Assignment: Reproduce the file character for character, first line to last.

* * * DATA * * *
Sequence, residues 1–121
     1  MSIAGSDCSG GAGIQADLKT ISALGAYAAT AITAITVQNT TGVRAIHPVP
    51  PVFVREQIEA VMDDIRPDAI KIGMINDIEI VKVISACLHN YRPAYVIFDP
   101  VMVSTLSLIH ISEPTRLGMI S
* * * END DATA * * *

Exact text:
Sequence, residues 1–121
     1  MSIAGSDCSG GAGIQADLKT ISALGAYAAT AITAITVQNT TGVRAIHPVP
    51  PVFVREQIEA VMDDIRPDAI KIGMINDIEI VKVISACLHN YRPAYVIFDP
   101  VMVSTLSLIH ISEPTRLGMI S